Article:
1929 Aquatone Alfred Hutty United States Capitol Washington DC Government XAU7
This 82+ year old Item is rated Near Mint +. No creases. No natural defects. No surface rub. No tears. No water damage. Please Note: the word "Repro" appears in the bottom left margin of the print.
- Product Type: Original Aquatone Print; Monochrome
- Grade: Near Mint +
- Dimensions: Approximately 7.5 x 7.5 inches; 19 x 19 cm
- Authentication: Serial-Numbered Certificate of Authenticity w/ Full Provenance
- Protection: Packaged in a custom archival sleeve with an acid-free black board (great for display, gift-giving, and preservation)
Period Paper is pleased to offer a collection of beautiful 1929 tipped-in aquatones of original etchings and dry points by Alfred Hutty. Produced with the aquatone process, which employs a photosensitized gelatin and fine halftone screen, each piece deftly and delicately captures the nuanced line and tone of the original etchings and drypoints, and are exceptionally printed on a cream, medium-weight woven stock that is tipped-in on lightweight, off-white stock.
This piece was illustrated by Hutty, Alfred. Artist signature in print - bottom right of image.
Alfred Hutty (1877 - 1954) was an American artist and central figure in the Charleston Renaissance. Born in Grand Haven, Michigan, Hutty grew up in Kansas City and Leavenworth, Kansas. When he was fifteen years of age, Hutty earned an art scholarship and passionately pursued his interest in art.
Working as a stained glass designer in Kansas City and St. Louis (while attending the St. Louis School of Art), Hutty was inspired by the work of landscape and genre painter Birge Harrison, devoting himself to painting and relocating to Woodstock, New York to study under Harrison. Having established himself as a regular resident of the Art Students League summer art colony, Hutty continued to design stained glass for studios in New York City. In 1919, Hutty visited Charleston, South Carolina, returning from 1920 to 1924 to teach at the Gibbes Museum art school, becoming a founding member of the EtcherÕs Club in 1923 and thereafter seasonally dividing his time between homes and studios in Woodstock and Charleston. It was in Charleston that Hutty became friends an collaborators with various printmakers and cultural leaders, including John Bennett and DuBose Heyward.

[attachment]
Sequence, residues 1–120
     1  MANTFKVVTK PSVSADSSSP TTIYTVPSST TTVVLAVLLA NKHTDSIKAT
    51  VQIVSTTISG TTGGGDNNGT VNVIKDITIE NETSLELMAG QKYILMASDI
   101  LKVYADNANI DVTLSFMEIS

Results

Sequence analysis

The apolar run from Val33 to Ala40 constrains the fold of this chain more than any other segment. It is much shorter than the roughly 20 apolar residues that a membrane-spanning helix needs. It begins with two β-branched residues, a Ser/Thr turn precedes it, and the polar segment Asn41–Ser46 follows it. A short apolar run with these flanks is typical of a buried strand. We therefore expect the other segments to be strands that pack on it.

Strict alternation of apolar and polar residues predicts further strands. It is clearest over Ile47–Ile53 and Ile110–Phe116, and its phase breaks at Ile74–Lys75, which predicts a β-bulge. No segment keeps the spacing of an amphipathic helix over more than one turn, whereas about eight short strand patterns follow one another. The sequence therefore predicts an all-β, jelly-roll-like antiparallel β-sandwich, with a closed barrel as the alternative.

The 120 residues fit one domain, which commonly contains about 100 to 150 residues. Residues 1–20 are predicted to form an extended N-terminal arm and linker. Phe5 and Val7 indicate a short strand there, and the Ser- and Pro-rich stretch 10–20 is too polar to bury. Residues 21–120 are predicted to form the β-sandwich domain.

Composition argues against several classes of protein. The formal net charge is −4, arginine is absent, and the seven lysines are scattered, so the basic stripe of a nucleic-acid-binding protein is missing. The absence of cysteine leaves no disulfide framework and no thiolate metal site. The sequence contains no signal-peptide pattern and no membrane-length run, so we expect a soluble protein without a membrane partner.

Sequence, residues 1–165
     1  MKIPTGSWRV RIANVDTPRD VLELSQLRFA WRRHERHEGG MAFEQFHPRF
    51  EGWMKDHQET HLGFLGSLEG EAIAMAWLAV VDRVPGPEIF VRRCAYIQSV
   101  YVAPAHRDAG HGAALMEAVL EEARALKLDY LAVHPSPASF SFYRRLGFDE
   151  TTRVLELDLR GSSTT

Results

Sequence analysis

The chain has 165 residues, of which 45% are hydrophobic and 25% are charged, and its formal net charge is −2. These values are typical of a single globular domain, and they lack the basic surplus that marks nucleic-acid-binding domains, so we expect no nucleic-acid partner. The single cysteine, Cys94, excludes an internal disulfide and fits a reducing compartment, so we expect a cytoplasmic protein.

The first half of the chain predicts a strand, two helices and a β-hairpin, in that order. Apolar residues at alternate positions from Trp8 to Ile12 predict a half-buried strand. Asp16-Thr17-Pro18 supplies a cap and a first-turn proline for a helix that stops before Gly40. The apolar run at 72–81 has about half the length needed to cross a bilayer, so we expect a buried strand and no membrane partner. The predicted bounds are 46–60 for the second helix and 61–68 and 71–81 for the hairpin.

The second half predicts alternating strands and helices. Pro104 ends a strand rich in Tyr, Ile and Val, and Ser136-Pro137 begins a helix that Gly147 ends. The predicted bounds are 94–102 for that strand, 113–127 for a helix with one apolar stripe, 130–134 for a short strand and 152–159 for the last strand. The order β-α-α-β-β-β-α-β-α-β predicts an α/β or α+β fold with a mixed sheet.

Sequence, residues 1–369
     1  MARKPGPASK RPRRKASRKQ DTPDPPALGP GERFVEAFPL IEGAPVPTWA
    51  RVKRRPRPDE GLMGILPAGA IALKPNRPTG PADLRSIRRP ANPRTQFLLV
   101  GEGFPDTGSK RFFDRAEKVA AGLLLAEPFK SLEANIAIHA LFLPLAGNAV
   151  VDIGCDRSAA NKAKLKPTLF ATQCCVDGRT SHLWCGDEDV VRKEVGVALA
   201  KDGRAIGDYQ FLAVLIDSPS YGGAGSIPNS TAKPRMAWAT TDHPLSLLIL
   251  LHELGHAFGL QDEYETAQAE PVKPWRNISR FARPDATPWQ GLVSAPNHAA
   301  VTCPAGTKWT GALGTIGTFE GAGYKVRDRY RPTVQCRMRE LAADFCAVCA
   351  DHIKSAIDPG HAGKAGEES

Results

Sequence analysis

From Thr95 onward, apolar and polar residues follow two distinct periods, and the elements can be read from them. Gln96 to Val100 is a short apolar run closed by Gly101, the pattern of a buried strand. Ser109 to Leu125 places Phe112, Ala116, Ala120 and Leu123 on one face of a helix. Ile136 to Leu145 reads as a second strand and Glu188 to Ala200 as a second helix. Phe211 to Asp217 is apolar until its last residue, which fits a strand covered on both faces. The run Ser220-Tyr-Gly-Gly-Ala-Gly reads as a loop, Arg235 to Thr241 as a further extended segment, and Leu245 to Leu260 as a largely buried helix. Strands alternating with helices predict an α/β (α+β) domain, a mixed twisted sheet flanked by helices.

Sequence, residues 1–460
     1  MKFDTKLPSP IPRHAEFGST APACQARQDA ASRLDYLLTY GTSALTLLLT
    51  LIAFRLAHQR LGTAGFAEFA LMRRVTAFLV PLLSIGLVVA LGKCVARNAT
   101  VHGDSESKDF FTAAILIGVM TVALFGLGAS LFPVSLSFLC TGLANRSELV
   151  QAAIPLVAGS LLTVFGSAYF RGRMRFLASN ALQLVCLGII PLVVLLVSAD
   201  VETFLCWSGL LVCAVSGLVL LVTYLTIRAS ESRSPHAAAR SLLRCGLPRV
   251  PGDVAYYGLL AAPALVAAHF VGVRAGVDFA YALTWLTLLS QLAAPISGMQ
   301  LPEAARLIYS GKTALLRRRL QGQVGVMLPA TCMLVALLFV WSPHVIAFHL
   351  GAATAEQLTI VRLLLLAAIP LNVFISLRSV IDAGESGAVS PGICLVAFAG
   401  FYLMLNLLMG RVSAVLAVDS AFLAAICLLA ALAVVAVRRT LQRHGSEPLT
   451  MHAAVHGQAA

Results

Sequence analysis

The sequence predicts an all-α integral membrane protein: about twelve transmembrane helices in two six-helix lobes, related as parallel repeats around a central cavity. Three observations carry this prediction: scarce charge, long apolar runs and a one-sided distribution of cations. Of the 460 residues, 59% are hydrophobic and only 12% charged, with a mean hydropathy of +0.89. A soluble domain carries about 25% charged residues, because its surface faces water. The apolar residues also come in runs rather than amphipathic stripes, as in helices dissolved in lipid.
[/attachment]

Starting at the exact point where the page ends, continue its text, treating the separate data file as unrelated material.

Throughout the 1920s, Hutty developed and refined a technical and artistic competence of printmaking and in the following decades became nationally known as a printmaker. His work is a combination of his varied artistic origins, including the social realism of the Midwest and the picturesque landscapes of his time in Woodstock and Charleston. Hutty was a deft artist in the both the mediums of paint and printmaking, though his style in each retained and exploited the unique characteristics available to each. A master of line, HuttyÕs printmaking work often disavows value in favor of rendering character and spatial relationships in purely linear terms, focusing on the themes of architecture, trees and landscape.
Hutty was a member of various organizations, including the British Society of Graphic Arts, the Print Society of England, the American Watercolor Society and the National Arts Club, and was the recipient of numerous awards and recognitions, including the Frank G. Logan Prize and Medal (International Exhibition, Chicago Society of Etchers, 1924), the Scarab Club Gold Medal (Painting and Etching, Detroit Institute of Arts, 1923) and the Austin A. Howe Prize (Etching, Detroit Institute of Arts, 1926). He has been represented in the permanent collections of prestigious institutions throughout the United States and world, including the Art Institute of Chicago, the Biliothèque Nationale of France, the New York Public Library and the Gibbes Art Gallery (Charleston, South Carolina). Hutty died in 1954.
Keywords specific to this image: American Government, Cityscape, Architecture, National Mall, William Thornton, National Historic Landmark